February 8, 2013
Focusing on financial access can sometimes obscure the rationale for doing so. We don’t really care about access to finance for its own sake. The point of providing quality financial services to poor households is to give them an easier, more stable path to prosperity. But what are the pitfalls and slippery spots on that path that we hope to ameliorate?
February 5, 2013
What’s next in financial access in 2013? Bindu Ananth and Deepti George say a focus on measuring and improving quality.
February 1, 2013
Whether the result of variable incomes, liquidity constraints or reduced access to formal financial services, poor households face unique financial constraints that undermine their ability to effectively guard against risk and accumulate meaningful savings. There’s been a lot of research into these questions in the last few years.
A new theory of change is emerging for microfinance. People from poor households tap microfinance services to smooth consumption and build assets to protect against risks ahead of time and cope with shocks and economic stress events after they occur—leading to widespread poverty alleviation but not widespread poverty reduction.
What’s next? Jamie Zimmerman says it's the opportunity to make government-to-person payments a major vehicle of financial inclusion.
January 25, 2013
Last November, the Consumer Financial Protection Bureau’s Office of Financial Empowerment hosted a conference on “Empowering Low-Income and Economically Vulnerable Consumers: Making the Case through Access, Data and Scale.” A key highlight of the conference was a breakout session about the incentives and obstacles to collecting data in the field.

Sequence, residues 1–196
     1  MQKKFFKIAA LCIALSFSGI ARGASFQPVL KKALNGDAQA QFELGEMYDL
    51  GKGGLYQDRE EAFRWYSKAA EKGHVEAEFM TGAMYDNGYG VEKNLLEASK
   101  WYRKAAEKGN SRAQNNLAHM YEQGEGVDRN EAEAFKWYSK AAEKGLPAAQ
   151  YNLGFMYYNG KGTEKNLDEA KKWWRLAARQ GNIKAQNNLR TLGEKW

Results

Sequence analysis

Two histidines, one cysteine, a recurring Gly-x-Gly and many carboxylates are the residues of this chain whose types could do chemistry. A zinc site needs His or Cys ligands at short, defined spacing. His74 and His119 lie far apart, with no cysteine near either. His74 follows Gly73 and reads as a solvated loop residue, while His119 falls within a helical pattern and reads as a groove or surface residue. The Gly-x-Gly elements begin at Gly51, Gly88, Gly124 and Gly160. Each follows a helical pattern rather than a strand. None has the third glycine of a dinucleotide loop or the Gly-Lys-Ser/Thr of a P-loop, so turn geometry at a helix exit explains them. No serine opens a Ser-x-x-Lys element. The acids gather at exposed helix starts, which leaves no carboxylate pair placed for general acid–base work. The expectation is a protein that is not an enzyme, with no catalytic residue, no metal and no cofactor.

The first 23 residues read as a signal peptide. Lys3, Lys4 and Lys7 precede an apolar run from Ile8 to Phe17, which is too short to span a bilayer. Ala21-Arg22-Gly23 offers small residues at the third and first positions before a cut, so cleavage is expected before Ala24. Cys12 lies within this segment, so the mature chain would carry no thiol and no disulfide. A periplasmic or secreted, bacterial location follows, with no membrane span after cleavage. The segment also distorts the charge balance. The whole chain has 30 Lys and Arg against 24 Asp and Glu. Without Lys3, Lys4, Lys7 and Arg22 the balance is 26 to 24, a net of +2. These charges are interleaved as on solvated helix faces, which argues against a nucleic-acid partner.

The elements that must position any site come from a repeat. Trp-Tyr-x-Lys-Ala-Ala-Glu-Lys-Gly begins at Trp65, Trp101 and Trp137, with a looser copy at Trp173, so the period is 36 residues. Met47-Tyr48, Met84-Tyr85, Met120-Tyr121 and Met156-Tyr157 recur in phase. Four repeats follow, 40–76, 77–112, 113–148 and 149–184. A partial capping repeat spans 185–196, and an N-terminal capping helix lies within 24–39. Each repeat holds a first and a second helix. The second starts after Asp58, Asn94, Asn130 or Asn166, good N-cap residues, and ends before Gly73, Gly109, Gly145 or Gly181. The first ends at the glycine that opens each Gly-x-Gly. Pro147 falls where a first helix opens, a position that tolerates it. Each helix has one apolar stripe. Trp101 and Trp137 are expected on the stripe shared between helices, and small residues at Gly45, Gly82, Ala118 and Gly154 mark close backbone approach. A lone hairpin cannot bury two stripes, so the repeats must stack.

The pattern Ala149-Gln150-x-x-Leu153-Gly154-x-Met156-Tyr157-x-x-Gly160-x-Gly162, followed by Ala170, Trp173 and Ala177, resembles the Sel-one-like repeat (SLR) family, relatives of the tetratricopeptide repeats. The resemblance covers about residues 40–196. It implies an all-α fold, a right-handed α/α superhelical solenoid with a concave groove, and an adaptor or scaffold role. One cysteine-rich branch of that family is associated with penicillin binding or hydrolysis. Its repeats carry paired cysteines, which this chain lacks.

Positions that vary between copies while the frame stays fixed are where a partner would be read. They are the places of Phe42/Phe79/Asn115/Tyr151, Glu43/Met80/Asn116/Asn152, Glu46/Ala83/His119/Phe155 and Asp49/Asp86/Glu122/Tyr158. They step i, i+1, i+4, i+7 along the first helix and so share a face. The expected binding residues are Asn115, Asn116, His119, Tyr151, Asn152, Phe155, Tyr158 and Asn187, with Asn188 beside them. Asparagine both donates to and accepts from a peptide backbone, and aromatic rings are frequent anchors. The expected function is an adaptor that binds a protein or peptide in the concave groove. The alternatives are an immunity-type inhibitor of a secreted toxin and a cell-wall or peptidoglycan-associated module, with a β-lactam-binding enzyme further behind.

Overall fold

One of the big changes observed in discussions over microfinance in the past few years has been increasing emphasis on discussing microfinance, rather than just microcredit. In practice this has meant a lot of discussion about microsavings, with advocates pointing to studies showing greater impacts from offering savings accounts than from offering loans.
January 22, 2013
The microfinance space has never been a dull place. As the tumult of the last few years—debates about effectiveness, industry crises and crashes in several countries—seemingly dies down, it’s a good time to speculate about what’s next. It seems clear that “business as usual” in terms of rapid growth and expansion paired with unvarnished enthusiasm and uncritical praise is not what’s next.
So what is?
January 16, 2013
At FAI, we’re big advocates for data. Why? Because you can’t make good policy without data. Data can be collected in many ways and come in many forms: transaction records, panel surveys, financial diaries, or field experiment results. We get excited about the opportunity to collect or analyze data about the financial behavior of poor households.
January 15, 2013
About 2.5 billion adults, just over half the world’s adult population, lack bank accounts. If we are to realize the goal of extending banking and other financial services to this vast “unbanked” population, we need to consider not only such product innovations as microfinance and mobile banking but also issues of data accuracy, impact assessment, risk mitigation, technology adaptation, financial literacy, and local context.